When it comes to technology, Jewish law regularly updates itself. As processes change and our understanding of them improves, Jewish law revises its answers. Indeed, advances in technology have vexed Jewish law authorities throughout the ages. One of the hallmarks of Jewish law is its ability — and desire — to assimilate technological advances into the practices of observant Jews. The application of old principles to new situations remains one of the essential tasks of modern authorities. It is true that the 20th and 21st centuries have been more challenging in this area than the 12th century, but every generation has its particular challenges in Jewish law, and technology is one of ours — which is much more preferable than the 12th-century persecution by the Crusaders!
Recently, a halachic ruling in Hebrew, penned by Rabbi Eli Reiff, appeared on the topic of electronic keycards. The question addressed whether an RFID keycard that unlocks a door when brought into the proximity of a card reader can be used on Shabbat. RFID [Radio Frequency Identification] devices broadcast a unique code when near a card reader, and the card reader responds to that unique code, in this case, by unlocking a door. Rabbi Reiff ruled — contrary to the consensus — that there is no prohibition on Shabbat against using an RFID keycard to unlock a door. The ruling was published with a letter of approbation from Rabbi Reiff’s teacher, the world-renowned authority Rabbi Nachum Rabinowitz, along with a rebuttal by Rabbi Yisrael Rosen of the Zomet Institute.
The Forward’s article reporting on Rabbi Reiff’s ruling appeared with the heading “Does Rabbinic Key Card Ruling Mean Shabbat Has ‘Lost the Fight Against Technology’?” It suggested that this ruling could spell an end to Shabbat as we know it. The article quoted Rabbi Ysoscher Katz of Yeshivat Chovevei Torah as saying: “It was a long battle, Shabbat fought back valiantly, but she ultimately lost the fight against technology.” He goes on to say that “[i]f digital action is not considered halakhically prohibited activity, cooking would be muttar [permitted] since we light our stoves digitally.”
We believe that this quote is misleading and does not share with the readers the real issues and nuances of Jewish law. We are certain that even if Rabbi Reiff’s ruling gains acceptance, the alarmist picture of the future of Shabbat painted by the Forward’s article, exemplified by Rabbi Katz’s quotations, is incorrect.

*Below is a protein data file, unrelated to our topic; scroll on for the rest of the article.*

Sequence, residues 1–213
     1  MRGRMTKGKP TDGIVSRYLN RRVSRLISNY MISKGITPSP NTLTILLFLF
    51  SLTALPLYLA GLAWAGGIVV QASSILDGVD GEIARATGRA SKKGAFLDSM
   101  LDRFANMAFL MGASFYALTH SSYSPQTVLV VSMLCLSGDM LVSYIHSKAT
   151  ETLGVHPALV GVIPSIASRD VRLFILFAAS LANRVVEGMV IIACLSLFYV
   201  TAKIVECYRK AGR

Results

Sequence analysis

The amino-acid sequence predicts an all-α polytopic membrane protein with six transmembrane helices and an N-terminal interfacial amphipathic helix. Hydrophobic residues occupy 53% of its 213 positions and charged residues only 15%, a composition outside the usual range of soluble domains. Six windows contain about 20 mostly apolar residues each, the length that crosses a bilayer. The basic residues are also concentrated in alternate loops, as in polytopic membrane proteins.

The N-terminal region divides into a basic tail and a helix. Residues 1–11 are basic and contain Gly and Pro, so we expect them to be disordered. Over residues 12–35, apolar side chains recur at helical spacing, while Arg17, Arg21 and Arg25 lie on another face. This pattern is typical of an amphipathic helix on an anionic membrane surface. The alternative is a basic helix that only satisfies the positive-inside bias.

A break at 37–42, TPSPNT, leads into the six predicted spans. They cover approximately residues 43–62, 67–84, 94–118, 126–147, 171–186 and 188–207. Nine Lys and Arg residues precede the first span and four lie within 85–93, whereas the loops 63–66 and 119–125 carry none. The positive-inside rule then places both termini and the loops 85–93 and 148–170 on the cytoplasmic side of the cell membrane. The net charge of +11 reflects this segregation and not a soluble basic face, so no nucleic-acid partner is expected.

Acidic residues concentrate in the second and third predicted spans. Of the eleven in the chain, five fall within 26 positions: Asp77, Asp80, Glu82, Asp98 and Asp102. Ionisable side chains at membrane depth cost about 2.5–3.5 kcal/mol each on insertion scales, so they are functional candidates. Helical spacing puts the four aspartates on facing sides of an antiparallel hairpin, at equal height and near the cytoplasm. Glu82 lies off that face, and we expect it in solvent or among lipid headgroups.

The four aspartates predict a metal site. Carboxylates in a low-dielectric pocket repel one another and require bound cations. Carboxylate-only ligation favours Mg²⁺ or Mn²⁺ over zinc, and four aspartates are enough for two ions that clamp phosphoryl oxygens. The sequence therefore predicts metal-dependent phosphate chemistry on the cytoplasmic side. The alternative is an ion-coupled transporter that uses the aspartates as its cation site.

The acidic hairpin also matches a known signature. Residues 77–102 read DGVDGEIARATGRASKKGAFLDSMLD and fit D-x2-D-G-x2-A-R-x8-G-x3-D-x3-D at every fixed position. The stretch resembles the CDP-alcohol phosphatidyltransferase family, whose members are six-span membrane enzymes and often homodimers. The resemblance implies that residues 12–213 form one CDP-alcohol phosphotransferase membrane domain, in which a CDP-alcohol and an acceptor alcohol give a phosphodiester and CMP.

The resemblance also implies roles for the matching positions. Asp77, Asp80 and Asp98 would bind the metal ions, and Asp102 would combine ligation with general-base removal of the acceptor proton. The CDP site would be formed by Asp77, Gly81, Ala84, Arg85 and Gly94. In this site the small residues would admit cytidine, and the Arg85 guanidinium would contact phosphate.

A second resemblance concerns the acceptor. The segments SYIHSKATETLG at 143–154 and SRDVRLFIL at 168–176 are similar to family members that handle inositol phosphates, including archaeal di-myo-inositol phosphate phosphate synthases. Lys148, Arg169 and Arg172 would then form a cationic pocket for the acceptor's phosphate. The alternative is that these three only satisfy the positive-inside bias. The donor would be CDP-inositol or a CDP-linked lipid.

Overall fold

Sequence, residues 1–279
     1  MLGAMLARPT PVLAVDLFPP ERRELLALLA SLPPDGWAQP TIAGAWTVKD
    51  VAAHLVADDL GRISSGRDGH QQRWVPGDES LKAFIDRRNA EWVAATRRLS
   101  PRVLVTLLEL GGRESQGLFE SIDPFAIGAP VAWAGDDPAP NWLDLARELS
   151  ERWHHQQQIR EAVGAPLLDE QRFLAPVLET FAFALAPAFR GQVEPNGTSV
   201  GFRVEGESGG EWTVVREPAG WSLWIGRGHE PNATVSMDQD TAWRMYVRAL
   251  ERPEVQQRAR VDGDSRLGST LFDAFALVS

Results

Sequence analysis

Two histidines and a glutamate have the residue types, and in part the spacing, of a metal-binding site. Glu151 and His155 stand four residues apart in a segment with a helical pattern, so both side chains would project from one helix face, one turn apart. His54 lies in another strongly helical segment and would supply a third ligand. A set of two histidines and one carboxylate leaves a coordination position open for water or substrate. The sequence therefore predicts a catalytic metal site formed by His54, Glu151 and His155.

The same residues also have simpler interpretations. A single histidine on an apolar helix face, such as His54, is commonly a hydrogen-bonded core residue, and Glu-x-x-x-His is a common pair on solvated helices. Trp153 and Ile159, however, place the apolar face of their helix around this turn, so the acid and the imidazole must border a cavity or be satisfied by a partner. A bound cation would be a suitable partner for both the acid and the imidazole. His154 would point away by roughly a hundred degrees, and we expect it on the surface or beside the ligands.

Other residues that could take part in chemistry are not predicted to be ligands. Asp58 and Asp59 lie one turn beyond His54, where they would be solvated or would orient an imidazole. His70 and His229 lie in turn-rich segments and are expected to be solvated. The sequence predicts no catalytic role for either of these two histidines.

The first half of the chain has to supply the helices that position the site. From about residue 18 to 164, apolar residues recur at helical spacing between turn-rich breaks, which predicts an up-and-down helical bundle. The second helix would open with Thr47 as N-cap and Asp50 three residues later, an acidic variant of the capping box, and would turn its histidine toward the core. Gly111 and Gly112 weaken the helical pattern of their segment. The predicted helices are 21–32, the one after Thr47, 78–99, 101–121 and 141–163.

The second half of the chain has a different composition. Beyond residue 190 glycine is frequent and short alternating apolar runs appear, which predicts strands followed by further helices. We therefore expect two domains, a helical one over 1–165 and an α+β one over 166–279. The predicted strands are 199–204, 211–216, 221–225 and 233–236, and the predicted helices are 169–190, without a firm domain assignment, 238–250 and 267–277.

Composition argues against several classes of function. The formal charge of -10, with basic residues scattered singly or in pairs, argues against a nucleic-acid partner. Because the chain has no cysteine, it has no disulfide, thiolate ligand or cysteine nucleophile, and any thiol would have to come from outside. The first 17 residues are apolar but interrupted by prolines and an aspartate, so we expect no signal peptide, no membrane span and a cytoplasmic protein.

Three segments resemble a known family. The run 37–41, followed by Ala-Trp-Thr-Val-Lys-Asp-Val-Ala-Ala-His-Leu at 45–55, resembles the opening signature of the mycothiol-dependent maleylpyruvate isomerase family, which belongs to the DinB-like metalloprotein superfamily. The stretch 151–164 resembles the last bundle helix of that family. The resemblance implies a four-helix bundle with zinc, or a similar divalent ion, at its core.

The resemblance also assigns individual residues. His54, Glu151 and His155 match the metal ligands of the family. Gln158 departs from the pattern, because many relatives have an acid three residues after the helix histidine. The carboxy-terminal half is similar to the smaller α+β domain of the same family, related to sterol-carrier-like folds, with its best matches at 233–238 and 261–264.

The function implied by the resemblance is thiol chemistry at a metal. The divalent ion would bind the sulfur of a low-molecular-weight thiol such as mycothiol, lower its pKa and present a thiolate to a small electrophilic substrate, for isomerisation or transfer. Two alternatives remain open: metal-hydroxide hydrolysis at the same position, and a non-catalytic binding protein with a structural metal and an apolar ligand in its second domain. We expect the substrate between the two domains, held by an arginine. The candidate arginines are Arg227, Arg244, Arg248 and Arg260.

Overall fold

Jewish law authorities have taken three main approaches to explain why Orthodox Jews do not use electric devices on Shabbat. The first approach claims that it is a biblical prohibition of some type (either fire, or building, or “completing a product”) to use electricity on Shabbat. The second approach is that the prohibition is actually rabbinic, grounded in the injunction against creative actions on Shabbat. The third approach, famously held by Rabbi Shlomo Zalman Auerbach, rules that the use of electricity is technically permitted on Shabbat when it is used to achieve a permissible outcome (like turning a fan, which could be rotated by hand), but since observant Jews have long considered it to be prohibited, and rabbinic authorities have upheld these strictures, electricity use remains forbidden due to tradition even in these cases.
Rabbi Reiff’s argument for leniency in the case of an RFID keycard relies on the third approach, that of Rabbi Auerbach. Where he and Rabbi Rabinowitz differ from the consensus opinion is in the details of Rabbi Auerbach’s approach, and how to apply it in practice.
More importantly: even if we assume Rabbi Reiff’s thesis to be correct, Shabbat as we know it will not be lost for Orthodox Judaism. What is at stake in this minor dispute is whether and how electricity may be used on Shabbat for actions that in their essence could be done without electricity, like opening a door. Rabbi Rabinowitz says this explicitly and adds that if an RFID keycard would be used to perform a prohibited action on Shabbat — turn on a light, light a flame, or cook a meal — then the RFID mechanism would not make the prohibited, permissible. Rabbi Katz’s claim that this ruling, if accepted, would spell an end to Shabbat observance as we know it — and would lead to permitting even cooking with an RFID device that turns on an oven — is simply wrong. Neither Rabbi Reiff nor Rabbi Rabinowitz would permit cooking when initiated by an RFID, since one cannot cook on Shabbat, independent of the prohibition to use electricity.
It is hard to know what the future of observance will look like. We can imagine a future, a Shabbat not too far off, where we all carry RFID devices that broadcast our identity, and doors unlock as we approach; that is already common on military bases and secure sites. We can imagine a future where all unintended uses of electricity become common (as Rabbi Asher Weiss notes in a recent ruling), or even that the custom will change to permit adjusting electric fans on Shabbat. However, we cannot imagine a world in which our oven starts cooking our lunch on Shabbat when it registers that we have returned home from synagogue wearing our RFID chips.
Ultimately, we doubt that Shabbat will ever “lose” to technology. Shabbat and technology are not truly in conflict. Rather, as the reality of technology changes, observance does as well — and that is a wonderful thing.
This post was co-written with Rabbi Michael J. Broyde. Rabbi Broyde is a law professor at Emory University and the Projects Director of Emory’s Center for the Study of Law and Religion. He writes frequently on matters of Jewish Law.
Dr. James Conway is a Visiting Assistant Professor of mathematics at the University of California, Berkeley.